"There's a cyberwar going on," said Ed Giorgio, who spent nearly 30 years with the National Security Agency before starting an IT security consultancy in 2007. The problem, he says, is that identifying an online adversary isn't as easy as pinpointing an enemy tank formation.
"Adversaries are just as likely to be nationalists as they are likely to be countries," said Giorgio, echoing a theme that cybersecurity experts say is likely to shape the Pentagon's approach to building Internet defenses in an increasingly networked world.
The extent of the problem was hinted at earlier in the day by Defense Secretary Robert Gates. In an upcoming 60 Minutes interview, Gates told CBS News anchor Katie Couric that the United States is "under cyberattack virtually all the time, every day" and that his department will more than quadruple the number of experts to battle cyber attacks. … Read more
A clarification has been made to this story. See below for details.
Twenty years ago it appeared, for a moment, that all our energy problems could be solved. It was the announcement of cold fusion--nuclear energy like that which powers the sun--but at room temperature on a table top. It promised to be cheap, limitless, and clean. Cold fusion would end our dependence on the Middle East and stop those greenhouse gases blamed for global warming. It would change everything.
But then, just as quickly as it was announced, it was discredited. So thoroughly, that cold fusion became a catch phrase for junk science. Well, a funny thing happened on the way to oblivion--for many scientists today, cold fusion is hot again.
"We can yield the power of nuclear physics on a tabletop. The potential is unlimited. That is the most powerful energy source known to man," researcher Michael McKubre told "60 Minutes" correspondent Scott Pelley.
McKubre says he has seen that energy more than 50 times in cold fusion experiments he's doing at SRI International, a respected California lab that does extensive work for the government.
McKubre is an electrochemist who imagines, in 20 years, the creation of a clean nuclear battery. "For example, a laptop would come precharged with all of the energy that you would ever intend to use. You're now decoupled from your charger and the wall socket," he explained.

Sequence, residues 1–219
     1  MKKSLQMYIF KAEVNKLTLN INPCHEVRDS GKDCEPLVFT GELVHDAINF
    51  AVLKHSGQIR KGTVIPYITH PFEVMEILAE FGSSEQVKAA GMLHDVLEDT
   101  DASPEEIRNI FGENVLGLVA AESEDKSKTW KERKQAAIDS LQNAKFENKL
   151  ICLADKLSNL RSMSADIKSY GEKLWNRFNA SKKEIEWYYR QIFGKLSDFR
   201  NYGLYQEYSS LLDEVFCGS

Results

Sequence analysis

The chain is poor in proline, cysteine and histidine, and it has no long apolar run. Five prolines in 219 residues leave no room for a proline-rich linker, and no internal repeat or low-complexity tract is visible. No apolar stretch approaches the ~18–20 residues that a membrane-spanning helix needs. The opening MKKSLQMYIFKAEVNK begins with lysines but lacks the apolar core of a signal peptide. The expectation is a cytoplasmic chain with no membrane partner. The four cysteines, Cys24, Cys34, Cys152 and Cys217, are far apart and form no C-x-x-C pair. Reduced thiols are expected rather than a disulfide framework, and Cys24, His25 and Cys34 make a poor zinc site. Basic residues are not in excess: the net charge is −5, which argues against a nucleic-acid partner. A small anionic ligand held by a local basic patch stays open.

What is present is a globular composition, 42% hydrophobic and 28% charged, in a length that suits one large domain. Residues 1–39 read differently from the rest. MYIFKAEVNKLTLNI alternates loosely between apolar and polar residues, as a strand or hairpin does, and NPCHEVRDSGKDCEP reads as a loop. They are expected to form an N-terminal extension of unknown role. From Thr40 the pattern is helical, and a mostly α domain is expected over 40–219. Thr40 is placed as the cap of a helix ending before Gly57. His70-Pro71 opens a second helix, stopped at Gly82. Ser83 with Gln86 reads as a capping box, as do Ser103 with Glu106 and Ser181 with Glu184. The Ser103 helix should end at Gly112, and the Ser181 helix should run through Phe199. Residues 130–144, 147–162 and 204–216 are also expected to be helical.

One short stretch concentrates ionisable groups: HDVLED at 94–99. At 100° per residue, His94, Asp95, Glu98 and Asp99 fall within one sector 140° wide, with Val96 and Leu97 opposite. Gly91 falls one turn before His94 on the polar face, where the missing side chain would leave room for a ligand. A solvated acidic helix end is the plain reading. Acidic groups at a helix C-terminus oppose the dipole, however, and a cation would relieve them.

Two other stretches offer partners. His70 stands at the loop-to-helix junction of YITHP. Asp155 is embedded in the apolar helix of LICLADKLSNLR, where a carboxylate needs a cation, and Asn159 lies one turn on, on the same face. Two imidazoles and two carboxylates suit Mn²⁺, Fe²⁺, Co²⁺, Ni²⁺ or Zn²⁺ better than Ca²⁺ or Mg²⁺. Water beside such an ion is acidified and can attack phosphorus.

The same would go for cars. "The potential is for an energy source that would run your car for three, four years, for example. And you'd take it in for service every four years and they'd give you a new power supply," McKubre told Pelley.
"Power stations?" Pelley asked.
"You can imagine a one for one plug-in replacement for nuclear fuel rods. And the difference only would be that at the end of the lifetime of that fuel rod, you didn't have radioactive waste that needed to be disposed of," McKubre replied.
He showed "60 Minutes" just how simple the experiment looks; there are only three main ingredients. First, there is palladium, a metal in the platinum family. Second, one needs a kind of hydrogen called deuterium which is found in seawater.
"Deuterium is essentially unlimited. There is ten times as much energy in a gallon of sea water, from the deuterium contained within it, than there is in a gallon of gasoline," he explained.
The palladium is placed in water containing deuterium and the third ingredient is an electric current.
The experiment is wrapped in insulation and instruments. They're looking for what they call "excess heat." In other words, is more energy coming out than the electric current puts in?
No one knows exactly how excess heat would be generated, but McKubre showed "60 Minutes" what he thinks is happening. … Read more
Twitter has been great for tracking things like earthquakes, forest fires, and other natural disasters, but what about human health? SickCity, a new Twitter mashup is doing just that, by tracking people's tweets about being sick, having sore throats, and other physical maladies (like zombification). The tool lets you track these occurrences both by city and each specific ailment. And the stats go back to the last 31 days, which can show you if a certain type of sickness is trending.
My least favorite part about having people over for dinner is deciding how to time my entrees. I generally end up having to stow one or two things in the oven as the others are finishing up, and by the time everyone is served, the food is dried out and, in the end, room temperature anyway.
Keeping your food hot or cold is more than just complicated; it's also a problem that's necessary to solve to ensure your safety. According to the Center for Disease Control and Prevention, food that is left out for more than four hours … Read more